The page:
East Meadow Roofing: Article About Demystifying Your Roofing Estimate
It's time for a new roof, but you're not made of money. It's critical that you find an East Meadow roofing firm that can get the job done well without turning your project into a budget nightmare, but obtaining a bunch of competing estimates might just make the process of choosing an installer more confusing. Here's a brief primer on the job characteristics that surprise property owners the most during the planning stages. Although there's no substitute for actually asking a professional to price your new build, it never hurts to have an idea of what to expect.
The most obvious pricing factors include size, difficulty of installation, slope and the number of floors. Surface areas that require more materials or place roofers at greater risk are generally more expensive. The material condition of your current roof and the amount of work required for the tear-off stage is also important.
With the plainly evident points out of the way, we can deal with potentially confusing issues like holes. Fixtures like chimneys and HVAC units need to pass through unobstructed exits, and while it may seem like these gaps should save you on material expenses, they require specialty labor and supplementary building equipment.
Have a question regarding gutters and leaders or Velux skylights? Please ask a roofer from Long Island Roofing of East Meadow.
In order to keep your installation strong and weatherproof, roofers have to surround such points with flashing and special seals that can drive up consumable costs. In addition, these jobs may result in higher labor expenses because they're more time-consuming.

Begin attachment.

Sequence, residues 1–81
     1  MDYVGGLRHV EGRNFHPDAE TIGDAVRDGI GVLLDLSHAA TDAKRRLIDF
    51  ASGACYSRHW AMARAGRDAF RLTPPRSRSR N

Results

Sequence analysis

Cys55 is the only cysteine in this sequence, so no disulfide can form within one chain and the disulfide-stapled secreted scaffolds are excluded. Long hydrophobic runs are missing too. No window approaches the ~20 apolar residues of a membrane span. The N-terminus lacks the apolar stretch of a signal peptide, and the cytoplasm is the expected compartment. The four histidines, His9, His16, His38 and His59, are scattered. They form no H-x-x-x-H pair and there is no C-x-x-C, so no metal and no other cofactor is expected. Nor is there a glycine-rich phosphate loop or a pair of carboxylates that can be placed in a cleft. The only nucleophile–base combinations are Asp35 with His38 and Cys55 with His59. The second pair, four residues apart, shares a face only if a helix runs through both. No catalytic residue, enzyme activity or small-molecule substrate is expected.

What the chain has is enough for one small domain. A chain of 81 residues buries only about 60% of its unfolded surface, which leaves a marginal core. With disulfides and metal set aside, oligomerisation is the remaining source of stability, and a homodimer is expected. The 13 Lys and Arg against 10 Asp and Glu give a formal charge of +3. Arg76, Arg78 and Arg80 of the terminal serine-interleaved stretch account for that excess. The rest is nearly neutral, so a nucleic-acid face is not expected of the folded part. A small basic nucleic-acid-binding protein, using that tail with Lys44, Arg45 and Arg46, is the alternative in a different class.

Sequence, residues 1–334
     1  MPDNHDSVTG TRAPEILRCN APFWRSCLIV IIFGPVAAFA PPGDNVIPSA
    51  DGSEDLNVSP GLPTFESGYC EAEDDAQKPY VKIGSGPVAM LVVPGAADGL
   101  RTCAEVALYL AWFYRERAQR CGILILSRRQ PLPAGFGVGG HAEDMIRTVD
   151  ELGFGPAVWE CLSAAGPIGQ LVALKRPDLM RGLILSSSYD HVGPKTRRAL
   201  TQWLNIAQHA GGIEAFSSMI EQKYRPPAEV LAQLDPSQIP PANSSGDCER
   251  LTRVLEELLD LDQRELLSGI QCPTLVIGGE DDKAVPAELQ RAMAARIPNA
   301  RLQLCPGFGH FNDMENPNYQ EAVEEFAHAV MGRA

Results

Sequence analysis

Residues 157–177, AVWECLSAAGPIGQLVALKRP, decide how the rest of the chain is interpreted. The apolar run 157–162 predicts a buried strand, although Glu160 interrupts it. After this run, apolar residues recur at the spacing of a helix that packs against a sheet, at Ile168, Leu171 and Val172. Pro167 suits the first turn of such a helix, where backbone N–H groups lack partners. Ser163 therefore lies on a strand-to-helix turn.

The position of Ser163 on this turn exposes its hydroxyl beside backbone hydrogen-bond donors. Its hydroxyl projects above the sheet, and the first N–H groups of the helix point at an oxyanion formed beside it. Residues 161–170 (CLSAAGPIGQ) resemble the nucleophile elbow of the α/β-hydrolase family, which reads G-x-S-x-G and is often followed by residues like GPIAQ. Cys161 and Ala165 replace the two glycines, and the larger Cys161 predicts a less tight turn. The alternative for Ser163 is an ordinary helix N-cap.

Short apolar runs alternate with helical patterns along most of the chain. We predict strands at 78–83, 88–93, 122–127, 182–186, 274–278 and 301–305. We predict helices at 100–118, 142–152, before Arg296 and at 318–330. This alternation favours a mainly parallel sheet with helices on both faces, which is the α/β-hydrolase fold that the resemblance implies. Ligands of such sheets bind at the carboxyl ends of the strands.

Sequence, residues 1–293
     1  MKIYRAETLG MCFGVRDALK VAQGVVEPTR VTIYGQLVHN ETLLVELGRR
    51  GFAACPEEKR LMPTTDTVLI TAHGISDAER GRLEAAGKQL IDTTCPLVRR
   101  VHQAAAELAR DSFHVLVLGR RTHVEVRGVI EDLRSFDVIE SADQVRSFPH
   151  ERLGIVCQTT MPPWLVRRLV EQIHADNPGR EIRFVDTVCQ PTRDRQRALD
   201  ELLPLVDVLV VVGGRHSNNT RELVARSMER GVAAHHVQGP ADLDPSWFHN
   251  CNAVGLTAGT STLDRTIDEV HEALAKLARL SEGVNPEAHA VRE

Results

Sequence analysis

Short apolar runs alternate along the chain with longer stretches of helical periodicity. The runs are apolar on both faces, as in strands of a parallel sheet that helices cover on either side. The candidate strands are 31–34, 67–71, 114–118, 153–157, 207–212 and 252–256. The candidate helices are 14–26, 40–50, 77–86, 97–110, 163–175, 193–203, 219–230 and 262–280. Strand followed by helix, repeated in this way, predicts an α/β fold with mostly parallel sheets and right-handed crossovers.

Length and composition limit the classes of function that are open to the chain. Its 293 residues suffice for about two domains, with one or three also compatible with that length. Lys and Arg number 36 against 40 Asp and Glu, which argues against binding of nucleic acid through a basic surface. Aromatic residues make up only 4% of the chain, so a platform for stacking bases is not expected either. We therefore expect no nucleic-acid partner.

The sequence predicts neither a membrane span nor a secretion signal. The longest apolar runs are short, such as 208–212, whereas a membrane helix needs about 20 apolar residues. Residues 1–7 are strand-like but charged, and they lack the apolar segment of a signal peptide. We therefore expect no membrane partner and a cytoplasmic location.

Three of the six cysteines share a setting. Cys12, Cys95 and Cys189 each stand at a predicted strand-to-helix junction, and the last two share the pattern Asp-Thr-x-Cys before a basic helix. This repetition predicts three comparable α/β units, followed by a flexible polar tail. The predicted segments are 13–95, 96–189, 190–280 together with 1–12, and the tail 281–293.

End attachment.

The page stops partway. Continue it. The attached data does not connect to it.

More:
Roofs that consist of a number of smaller sections are more expensive even though they don't require such broad stretches of material. These roofs are much harder for installers to complete accurately, and they require a additional seals at their numerous joints.
Your material selections also affect pricing. While many homeowners simply choose a predefined combination of roof materials offered by their roofing firms, you can just as easily select layers and features designed to help you meet specific energy efficiency goals or foster a certain aesthetic appeal.
Naturally, the options you choose will make a big difference in the price you pay, but you can actually use this to your advantage. If you get an estimate that doesn't seem to make sense or fit within the constraints of your budget, you should ask about alternate materials that might lower the overall cost.
Once you've gotten a nice minimum estimate that makes sense, don't be afraid to investigate how much you'd pay for higher-cost materials. Energy Star-compliant and LEED-certified roofs save a considerable amount of money in the long run, and some are even eligible for tax incentives. Finally, remember that adding livability improvements, such as skylights, might make it much easier to realize higher returns when you sell your house someday.